A friend’s friend’s band – the Great Last.
Regardless – I’ll be as objective as possible.
Turned up too late to see the first two bands.
You wouldn’t have noticed – the room was bare, except for around ten people hugging the bar at the back of the room.
The Great Last came on and requested everyone moved forward, which we dutifully did.
The band played a short set – they sounded like the dirty little lovechild of Arctic Monkeys and Kaiser Chiefs. They have all the minerals – arrogant singer, tight drummer, locked in bassist, confused-by-own-pedals guitarist and decent keyboardist. Decent enough for Friday 13th at Camden Barfly.
The Blood Sport headlined.
I liked them – their keyboardist/guitarist was very good, the bassist exceptional, drummer equally brilliant and a confident singer. They sounded quite eighties, but in a good way – and played for a decent enough amount of time. The quality of songs let them down – there wasn’t anything that stuck out as a hit – but there was enough of a bite there to see them going somewhere soon enough. They just need to keep writing. And work out how to end songs (fade outs just don’t work live!)
This gig review is never going to be objective – I must confess I used to play in a band with Andy Oliveri in years past.
Nevertheless, a review is still in order.
The venue – small, intimate, covered in fairylights, organic cider in bottles. A nice place to see some nice folk.
First up – Drew Worthley.
Mid-set chat was warm-hearted, light and he came across as a good guy.
If only he’d managed to drag that across into his music.
Whilst technically good, his performance felt wooden and his lyrics were cheesy than a budget Mills & Boon knock-off. The only way a solo singer-songwriter can rally the audience up is if share something of themselves. Unfortunately, with Drew it felt like he was projecting what he wanted to be, not who he was.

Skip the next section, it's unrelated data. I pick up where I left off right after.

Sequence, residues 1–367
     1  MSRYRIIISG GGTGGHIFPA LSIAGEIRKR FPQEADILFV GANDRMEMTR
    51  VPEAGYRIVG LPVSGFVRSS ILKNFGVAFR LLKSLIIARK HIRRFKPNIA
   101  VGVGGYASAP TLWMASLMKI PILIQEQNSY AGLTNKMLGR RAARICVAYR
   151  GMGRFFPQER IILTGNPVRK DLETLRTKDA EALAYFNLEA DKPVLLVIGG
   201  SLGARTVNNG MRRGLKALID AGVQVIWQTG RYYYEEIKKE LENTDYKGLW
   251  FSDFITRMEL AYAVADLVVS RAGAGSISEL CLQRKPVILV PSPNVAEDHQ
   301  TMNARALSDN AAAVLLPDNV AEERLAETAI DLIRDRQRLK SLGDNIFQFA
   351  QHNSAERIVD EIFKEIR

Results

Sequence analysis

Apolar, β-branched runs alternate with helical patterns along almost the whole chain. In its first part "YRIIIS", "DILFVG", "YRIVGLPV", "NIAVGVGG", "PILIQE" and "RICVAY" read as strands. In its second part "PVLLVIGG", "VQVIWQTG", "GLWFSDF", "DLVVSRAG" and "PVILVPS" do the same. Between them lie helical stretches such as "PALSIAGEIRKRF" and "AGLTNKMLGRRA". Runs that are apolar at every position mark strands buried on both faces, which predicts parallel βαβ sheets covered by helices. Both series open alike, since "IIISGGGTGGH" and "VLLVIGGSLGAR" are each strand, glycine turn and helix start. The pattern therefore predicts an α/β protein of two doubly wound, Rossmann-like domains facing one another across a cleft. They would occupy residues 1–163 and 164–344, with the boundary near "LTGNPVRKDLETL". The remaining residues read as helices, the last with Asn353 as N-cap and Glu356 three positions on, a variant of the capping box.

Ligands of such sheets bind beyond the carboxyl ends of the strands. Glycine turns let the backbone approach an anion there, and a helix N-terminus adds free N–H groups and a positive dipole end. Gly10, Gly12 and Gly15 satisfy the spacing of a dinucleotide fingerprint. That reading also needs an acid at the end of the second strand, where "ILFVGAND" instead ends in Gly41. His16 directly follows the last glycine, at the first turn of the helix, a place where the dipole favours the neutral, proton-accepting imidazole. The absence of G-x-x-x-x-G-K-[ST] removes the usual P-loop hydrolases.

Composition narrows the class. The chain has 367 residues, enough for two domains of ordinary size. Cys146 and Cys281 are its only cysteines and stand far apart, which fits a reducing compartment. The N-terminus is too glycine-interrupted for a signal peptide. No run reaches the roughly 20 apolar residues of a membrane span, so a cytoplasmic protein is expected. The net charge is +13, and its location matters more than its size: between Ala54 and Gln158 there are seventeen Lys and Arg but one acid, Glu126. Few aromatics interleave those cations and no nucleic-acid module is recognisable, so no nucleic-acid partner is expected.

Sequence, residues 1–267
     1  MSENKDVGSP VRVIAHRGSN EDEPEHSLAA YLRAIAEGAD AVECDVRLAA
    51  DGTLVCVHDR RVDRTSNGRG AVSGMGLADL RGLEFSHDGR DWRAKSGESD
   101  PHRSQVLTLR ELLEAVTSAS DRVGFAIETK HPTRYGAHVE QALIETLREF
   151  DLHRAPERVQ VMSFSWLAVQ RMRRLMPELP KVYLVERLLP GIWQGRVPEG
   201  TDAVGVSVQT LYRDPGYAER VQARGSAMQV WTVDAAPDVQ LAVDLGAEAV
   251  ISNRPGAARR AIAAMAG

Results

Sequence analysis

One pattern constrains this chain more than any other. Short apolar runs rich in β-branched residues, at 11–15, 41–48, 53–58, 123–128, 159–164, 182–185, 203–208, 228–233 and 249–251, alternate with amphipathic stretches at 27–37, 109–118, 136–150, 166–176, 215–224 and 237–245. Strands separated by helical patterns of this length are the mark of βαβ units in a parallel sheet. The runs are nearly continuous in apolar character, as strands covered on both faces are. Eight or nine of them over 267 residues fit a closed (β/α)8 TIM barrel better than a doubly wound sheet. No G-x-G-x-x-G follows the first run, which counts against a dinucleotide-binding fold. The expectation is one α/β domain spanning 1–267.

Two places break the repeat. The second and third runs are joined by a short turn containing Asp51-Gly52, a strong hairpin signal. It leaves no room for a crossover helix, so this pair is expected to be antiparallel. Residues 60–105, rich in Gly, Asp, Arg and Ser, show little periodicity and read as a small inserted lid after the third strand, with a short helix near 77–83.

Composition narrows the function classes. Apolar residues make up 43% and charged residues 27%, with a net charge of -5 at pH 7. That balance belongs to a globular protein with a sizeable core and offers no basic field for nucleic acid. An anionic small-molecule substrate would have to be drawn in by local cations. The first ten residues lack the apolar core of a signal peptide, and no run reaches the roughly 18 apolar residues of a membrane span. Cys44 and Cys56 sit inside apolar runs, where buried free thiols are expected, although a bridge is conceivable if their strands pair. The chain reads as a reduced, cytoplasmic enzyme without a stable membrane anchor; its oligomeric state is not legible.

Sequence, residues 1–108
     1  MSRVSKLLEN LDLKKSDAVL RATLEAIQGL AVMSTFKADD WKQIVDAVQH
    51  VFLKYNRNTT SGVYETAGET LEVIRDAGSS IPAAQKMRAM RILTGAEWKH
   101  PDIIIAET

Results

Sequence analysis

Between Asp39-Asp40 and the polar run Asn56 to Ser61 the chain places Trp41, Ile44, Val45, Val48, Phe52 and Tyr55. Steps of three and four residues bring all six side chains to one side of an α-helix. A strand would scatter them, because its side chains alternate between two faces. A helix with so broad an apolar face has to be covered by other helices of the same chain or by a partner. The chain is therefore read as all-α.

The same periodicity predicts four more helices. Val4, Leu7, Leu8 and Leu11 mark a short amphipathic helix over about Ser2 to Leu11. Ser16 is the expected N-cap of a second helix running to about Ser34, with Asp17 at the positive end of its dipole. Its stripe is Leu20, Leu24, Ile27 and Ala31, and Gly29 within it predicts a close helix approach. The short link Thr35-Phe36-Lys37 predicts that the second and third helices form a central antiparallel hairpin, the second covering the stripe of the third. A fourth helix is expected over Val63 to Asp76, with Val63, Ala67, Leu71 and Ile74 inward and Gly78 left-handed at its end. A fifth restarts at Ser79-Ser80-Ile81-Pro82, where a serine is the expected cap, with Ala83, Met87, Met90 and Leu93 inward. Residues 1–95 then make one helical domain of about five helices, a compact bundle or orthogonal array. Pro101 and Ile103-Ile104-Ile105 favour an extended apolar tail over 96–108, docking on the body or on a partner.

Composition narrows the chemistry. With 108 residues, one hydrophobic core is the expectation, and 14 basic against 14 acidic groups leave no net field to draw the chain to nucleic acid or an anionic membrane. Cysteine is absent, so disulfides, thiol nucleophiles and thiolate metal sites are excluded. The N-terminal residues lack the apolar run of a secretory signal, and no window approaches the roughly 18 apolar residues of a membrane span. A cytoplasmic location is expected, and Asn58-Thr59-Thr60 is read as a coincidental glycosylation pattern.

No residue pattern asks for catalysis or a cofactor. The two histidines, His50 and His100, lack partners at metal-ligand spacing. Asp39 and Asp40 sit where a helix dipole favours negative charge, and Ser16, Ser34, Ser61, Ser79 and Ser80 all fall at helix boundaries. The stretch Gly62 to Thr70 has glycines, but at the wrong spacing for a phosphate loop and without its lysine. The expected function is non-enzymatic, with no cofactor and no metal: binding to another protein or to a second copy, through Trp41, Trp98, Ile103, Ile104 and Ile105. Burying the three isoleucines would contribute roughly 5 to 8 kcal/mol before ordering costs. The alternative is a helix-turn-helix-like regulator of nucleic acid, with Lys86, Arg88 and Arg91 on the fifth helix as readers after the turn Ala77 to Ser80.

He needs to get back to his roots – and play from the heart – not from a Clintons Valentines card.
Second up – O.Chapman
Oliver Chapman was closer to the bullseye. A young, talented guitarist with a distinctive voice and strong lyrics. The songs were stark and bare, but it suited the intimate venue and made the audience really sit up and listen.
He brought a bassist on for a couple of tracks – again a very gifted player but unfortunately for me, it just didn’t sit in the mix. Electric bass should really only sit with drums.
If Oliver didn’t want a kit on stage (only the most expressive and talented of drummers could have played without ruining the vibe) then he should have gone without the bass.
And he should have signed up a cellist instead. It would suit his music, could have provided real lift to his tracks and would have added to the mix instead of breaking it.
Headline – Andy Oliveri
Andy came out and played a corker.
His voice has come on in spades since I last saw him, and his guitar work was second to none.
His mike technique was better than the previous performers, and you could visibly see the sound engineer relax as he realised he wouldn’t have to push the system so hard with this artist.
The songs were great – you can tell he’s writing a lot at the moment. Some felt a little more fleshed out than others – I must admit I’m a bigger fan of Marigolds and Balance on a rope to My Father’s Son.
But it didn’t matter – all were played with skill and emotion.
His harmonica playing also didn’t fail to deliver – beautiful.